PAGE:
Learning to use a prosthetic arm
A prosthetic arm can make a big difference in your day-to-day life, but learning to use one can require a lot of practice. Find out how to pick the right device and get the most from it.
Mastering your prosthetic arm is a process
Once your amputation surgery is complete and you begin the rehabilitation process, your care team will also help you prepare for another important step in your life after amputation: learning how to select and use a prothesis.
Today, people with upper limb differences have a variety of prosthetic arms to choose from, if they decide to use one. While these devices cannot fully replace a hand or arm, the right one can be a valuable tool – one that helps make many activities, hobbies, and tasks much easier.
But like any new tool, learning to use a prosthetic hand takes time, practice, and dedication. Below are a few important topics to focus on when just getting started, including:
The different kinds of prosthetic hands your prosthetist may discuss with you
How your prosthetist will customize your new device for your residual limb
Daily activities that can help you get the most from your prosthetic arm
Selecting the right device for you
If you decide you want to try a prosthetic arm, a professional prosthetist on your care team will help you explore the different options you can choose from and understand which one is best for you.
There are several different types of prosthetic arms you can try. Each one has different advantages, so it’s important to talk to your prosthetist about which of these devices will be the best fit for your lifestyle, hobbies, and job.
Some of the most popular kinds of prosthetic hands include:
Multiarticulating hands: These state-of-the-art devices use electrical signals from the muscles in your residual limb (“myoelectric” signals) to move the mechanical fingers and/or thumb in a way that mimics the human hand. The bebionic hand and Michelangelo hand are good examples.
VariPlus hands: These myoelectric devices give the user precise, open-and-close control of their prosthetic hand. Simple, durable options like the MyoHand VariPlus Speed and Greifer DMC VariPlus are often good “starter hands” for people who are new to prosthetic arms.
Body-powered prosthetics: These devices typically enable users to open and close a simple hook by using a harness and cable connected to their upper arm, shoulder, and chest. These rugged, durable protheses can be a good choice for people who perform many heavy-duty activities.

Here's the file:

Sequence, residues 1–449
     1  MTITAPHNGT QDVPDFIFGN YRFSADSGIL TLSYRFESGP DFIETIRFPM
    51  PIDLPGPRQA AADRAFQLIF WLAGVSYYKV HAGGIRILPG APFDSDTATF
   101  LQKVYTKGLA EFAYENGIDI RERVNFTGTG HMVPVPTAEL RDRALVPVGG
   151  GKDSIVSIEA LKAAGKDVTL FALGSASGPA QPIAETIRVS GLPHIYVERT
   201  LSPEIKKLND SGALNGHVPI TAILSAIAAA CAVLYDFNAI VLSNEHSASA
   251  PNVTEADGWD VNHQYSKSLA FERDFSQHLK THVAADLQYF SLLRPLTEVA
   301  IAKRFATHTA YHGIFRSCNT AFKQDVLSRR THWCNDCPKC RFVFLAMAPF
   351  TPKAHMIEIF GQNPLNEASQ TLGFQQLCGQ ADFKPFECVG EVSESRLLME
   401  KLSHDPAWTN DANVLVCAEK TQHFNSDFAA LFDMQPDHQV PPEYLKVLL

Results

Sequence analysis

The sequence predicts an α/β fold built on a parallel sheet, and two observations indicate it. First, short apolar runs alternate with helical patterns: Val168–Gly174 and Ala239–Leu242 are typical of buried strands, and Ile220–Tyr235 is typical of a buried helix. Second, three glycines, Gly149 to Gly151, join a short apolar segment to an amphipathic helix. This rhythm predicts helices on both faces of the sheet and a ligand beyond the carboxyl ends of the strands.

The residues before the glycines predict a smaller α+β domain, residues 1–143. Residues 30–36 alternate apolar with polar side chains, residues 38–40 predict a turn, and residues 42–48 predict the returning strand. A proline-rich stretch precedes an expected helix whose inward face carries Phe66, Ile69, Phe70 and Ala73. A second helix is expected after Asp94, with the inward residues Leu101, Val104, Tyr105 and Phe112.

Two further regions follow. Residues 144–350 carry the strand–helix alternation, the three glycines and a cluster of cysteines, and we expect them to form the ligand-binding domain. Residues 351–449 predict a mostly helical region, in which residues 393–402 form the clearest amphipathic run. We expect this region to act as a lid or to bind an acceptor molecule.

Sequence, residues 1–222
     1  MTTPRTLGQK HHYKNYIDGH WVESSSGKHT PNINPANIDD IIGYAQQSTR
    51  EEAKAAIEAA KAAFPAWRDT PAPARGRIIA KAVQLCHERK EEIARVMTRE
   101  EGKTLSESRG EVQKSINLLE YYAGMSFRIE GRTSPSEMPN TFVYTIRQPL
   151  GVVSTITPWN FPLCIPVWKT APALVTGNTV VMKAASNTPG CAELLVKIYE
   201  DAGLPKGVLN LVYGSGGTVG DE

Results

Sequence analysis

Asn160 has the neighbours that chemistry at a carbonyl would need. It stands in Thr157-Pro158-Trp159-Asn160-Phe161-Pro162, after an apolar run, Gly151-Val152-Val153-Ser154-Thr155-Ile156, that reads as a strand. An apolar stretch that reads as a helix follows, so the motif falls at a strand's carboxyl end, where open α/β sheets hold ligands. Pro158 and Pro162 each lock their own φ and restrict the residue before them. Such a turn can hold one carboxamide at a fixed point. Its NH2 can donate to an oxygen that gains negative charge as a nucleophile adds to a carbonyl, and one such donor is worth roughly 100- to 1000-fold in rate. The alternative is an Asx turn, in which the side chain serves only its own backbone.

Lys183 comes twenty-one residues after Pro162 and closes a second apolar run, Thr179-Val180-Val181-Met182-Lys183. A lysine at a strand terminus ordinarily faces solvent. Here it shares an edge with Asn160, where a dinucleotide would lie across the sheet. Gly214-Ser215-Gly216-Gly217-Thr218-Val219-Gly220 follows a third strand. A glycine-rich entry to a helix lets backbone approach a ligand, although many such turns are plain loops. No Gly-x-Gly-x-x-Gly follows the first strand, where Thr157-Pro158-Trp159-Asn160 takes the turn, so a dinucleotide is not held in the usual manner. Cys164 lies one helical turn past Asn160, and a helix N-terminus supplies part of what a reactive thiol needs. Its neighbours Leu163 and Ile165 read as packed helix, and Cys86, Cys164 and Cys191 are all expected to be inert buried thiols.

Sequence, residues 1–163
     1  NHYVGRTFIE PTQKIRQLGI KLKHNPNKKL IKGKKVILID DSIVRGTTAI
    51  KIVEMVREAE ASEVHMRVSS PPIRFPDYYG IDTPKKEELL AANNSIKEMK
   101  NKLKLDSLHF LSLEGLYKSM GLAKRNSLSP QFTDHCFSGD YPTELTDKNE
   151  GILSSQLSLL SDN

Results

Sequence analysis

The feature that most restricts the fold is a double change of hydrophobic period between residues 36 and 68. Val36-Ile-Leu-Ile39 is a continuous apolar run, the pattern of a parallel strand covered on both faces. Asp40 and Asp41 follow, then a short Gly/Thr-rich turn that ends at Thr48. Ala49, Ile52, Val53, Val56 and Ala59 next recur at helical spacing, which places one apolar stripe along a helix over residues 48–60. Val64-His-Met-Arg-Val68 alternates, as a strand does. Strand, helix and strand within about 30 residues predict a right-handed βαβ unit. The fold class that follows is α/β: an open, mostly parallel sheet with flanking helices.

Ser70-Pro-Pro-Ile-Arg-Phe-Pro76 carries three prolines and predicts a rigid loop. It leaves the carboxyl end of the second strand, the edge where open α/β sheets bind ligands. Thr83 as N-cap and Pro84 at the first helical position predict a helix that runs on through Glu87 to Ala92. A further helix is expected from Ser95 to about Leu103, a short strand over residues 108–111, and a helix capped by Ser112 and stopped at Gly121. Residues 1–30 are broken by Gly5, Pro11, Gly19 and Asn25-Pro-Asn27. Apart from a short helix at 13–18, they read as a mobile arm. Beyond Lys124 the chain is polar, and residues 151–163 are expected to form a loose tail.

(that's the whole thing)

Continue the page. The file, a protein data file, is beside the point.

Which one is the right choice for you? That’s an important discussion to have with your prosthetist. They’ll help you understand the advantages and limitations of each device, and which one will be the best fit for your daily life.
Natural vs “bionic”: How do you want your prosthetic arm to look?
This is an important question to ask yourself as you consider your options. Some people with an upper limb difference want their prothesis to look as much like a “normal” arm as possible. Others love to show off their techy “bionic hand.”
You get to choose what’s most comfortable for you. If you want your prothesis to look natural, most devices can be covered with a “glove” (like the MyoSkin Natural) that’s customized to look like your hand. If you have a higher amputation level, you can also get natural-looking silicon prosthetics that mimic the look of your arm.
Love how cool your bebionic looks? Show it off!
Crafting the perfect connection between you and your device
Once you’ve chosen a device, your prosthetist will start working on one of the most important parts of your prosthetic arm: the socket that connects the device to your residual limb.
Your socket will be carefully customized just for you, using detailed measurements and models of your residual limb. This helps ensure your prothesis will be comfortable, easy to move, and stay securely connected to your arm.
The customization process may require a couple of visits to your prosthetist’s office. But once it’s finished, your prosthetic hand should feel like you can easily wear it all day long.
MyoTest: Getting ready for a myoelectric prosthetic
If you’re interested in using a modern prothesis like the bebionic or Michelangelo, your fitting process will also include some steps to determine the best way to connect your device to the muscles that will power and control it.
To prep your socket for one of these devices, your prosthetist will perform a MyoTest: a series of measurements that help verify if your residual limb is compatible with a myoelectric device, and then identify the best placement for your prosthetic’s electrodes.
If your residual limb is a good fit for a myoelectric prosthesis, your prosthetist will then use your MyoTest results to craft a socket that helps give you consistent, comfortable control of your myoelectric device.
Learning how to get the most from your prothesis
Once your prothesis is complete and ready to wear, your prosthetist will show you how to start using it. This training will usually focus on mastering basic movements, key grips, and everyday tasks you need to know how to manage.
Once you’re home, though, the real learning process starts.
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See what’s next for your journey with an upper limb difference
Preparing for your amputation surgery
An amputation is a major medical procedure that your care team will carefully plan and prepare you for. Find out what to expect from that important process.
Amputation rehab after losing a hand or arm
After your procedure, you and your care team will work together to help you manage your residual limb and learn how to use a prothesis. See what the rehab process looks like.
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